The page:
Social Media Basics for Small Businesses: Simply Explained

Social Media Basics for Small Businesses: Simply Explained

October 13 2015 - Social Media

Social Media is necessary to small business owners, but it can be confusing to understand the platforms. Which social media site will benefit your business most? We’ve come up with a clear and concise guide for small businesses to choose the social media right for you.

One of the biggest headaches for small businesses today is trying to navigate the ‘must-have’ social media arena. As if juggling all of your daily tasks weren’t enough, now you need to add some ‘social.’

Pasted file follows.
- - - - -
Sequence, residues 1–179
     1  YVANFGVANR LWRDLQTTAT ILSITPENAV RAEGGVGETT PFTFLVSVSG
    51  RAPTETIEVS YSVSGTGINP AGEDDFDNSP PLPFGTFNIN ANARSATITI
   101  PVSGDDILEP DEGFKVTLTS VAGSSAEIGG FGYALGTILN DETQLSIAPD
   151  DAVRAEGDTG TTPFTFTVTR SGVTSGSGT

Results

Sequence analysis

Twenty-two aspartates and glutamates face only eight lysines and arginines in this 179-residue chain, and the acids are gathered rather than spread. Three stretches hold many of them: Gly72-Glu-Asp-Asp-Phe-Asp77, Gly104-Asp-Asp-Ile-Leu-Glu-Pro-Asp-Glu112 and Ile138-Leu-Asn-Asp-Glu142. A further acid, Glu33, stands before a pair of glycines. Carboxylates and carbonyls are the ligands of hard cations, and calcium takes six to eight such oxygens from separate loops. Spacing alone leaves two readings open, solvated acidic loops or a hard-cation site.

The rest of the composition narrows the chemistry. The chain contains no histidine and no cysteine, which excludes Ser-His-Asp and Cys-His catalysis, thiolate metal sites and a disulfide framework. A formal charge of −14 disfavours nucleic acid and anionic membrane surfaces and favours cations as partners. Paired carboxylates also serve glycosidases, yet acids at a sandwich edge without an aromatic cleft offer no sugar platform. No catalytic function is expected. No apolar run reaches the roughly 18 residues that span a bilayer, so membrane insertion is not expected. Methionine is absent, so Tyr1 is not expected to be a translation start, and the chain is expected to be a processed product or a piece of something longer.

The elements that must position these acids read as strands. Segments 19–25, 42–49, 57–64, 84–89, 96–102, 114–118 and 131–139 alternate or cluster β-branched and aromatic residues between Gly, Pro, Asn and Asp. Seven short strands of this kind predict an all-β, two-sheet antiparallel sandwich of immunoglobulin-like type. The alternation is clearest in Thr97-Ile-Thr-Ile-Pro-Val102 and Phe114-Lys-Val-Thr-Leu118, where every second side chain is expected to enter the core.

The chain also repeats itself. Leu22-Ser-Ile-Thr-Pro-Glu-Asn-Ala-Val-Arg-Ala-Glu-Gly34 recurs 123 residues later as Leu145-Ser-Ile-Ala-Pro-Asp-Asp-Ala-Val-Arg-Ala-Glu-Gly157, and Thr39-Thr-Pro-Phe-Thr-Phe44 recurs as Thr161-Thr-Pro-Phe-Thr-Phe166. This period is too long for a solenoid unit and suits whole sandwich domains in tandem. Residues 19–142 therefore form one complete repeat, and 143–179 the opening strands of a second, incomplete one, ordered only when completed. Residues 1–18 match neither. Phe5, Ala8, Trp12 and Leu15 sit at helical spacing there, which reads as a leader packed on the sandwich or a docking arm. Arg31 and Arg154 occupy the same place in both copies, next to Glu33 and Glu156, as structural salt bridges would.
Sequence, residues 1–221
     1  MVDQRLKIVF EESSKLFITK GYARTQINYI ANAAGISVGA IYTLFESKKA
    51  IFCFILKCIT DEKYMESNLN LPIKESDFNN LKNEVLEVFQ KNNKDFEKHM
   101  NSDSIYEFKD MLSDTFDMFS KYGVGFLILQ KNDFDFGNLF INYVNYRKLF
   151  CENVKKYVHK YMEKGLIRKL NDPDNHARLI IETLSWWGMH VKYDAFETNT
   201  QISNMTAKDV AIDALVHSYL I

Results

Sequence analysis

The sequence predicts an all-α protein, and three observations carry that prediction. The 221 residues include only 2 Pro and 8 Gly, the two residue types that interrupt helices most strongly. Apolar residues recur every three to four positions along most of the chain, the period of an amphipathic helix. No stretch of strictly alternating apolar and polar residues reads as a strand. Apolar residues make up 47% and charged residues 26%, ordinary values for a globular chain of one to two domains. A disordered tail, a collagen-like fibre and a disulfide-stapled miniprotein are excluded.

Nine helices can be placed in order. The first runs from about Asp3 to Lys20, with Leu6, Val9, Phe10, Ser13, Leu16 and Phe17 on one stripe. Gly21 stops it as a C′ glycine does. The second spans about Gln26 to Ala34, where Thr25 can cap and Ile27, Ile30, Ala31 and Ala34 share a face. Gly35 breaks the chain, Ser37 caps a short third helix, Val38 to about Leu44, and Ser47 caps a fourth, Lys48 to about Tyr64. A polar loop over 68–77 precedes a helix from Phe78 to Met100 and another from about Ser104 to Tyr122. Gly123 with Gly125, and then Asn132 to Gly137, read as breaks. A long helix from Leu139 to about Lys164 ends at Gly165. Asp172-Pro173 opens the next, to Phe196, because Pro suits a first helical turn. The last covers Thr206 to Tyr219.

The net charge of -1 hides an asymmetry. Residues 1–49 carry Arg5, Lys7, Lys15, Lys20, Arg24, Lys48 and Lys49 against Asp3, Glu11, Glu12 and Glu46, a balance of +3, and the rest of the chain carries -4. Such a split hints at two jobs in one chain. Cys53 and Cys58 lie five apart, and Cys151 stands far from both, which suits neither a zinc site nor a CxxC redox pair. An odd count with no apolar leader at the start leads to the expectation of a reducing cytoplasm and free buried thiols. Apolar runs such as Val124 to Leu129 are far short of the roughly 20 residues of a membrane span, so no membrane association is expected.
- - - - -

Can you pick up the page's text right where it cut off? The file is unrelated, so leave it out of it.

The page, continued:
The confusion over which social media will help your small business most is understandable.

This article discusses the dos and don’ts, breaks down each social media site simply and helps you decide which platform(s) are right for your business.

Social Media Rules: What (Not) to Do 

Social media, for most business owners, is a simple ‘You just post things and people like them, right?’ Not exactly.

  • Don’t only post about you, your company or your products.

In the online world, this is the same as the bore at the party that says ‘Let me tell you about me. Have I told you about me? I am fantastic because…’ No one wants to hear it. We’re all ego-centric. I want to talk, too.

A huge mistake many business owners make is to only post about their company- and nothing else. It doesn’t engage people; it isn’t a conversation.

Every single social media site requires interaction with others in a similar field; users; and every post needs to be valuable.

  • Do take each social media site individually.